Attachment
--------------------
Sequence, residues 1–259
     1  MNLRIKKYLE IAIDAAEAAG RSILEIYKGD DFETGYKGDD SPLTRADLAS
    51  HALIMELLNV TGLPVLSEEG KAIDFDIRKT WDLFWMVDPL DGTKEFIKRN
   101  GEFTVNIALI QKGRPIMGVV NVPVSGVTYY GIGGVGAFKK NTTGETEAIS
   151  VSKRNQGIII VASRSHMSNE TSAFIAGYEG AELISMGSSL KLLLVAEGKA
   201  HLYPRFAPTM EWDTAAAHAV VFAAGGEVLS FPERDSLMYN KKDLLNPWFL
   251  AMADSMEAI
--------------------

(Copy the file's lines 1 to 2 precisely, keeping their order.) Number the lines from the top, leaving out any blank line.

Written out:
Sequence, residues 1–259
     1  MNLRIKKYLE IAIDAAEAAG RSILEIYKGD DFETGYKGDD SPLTRADLAS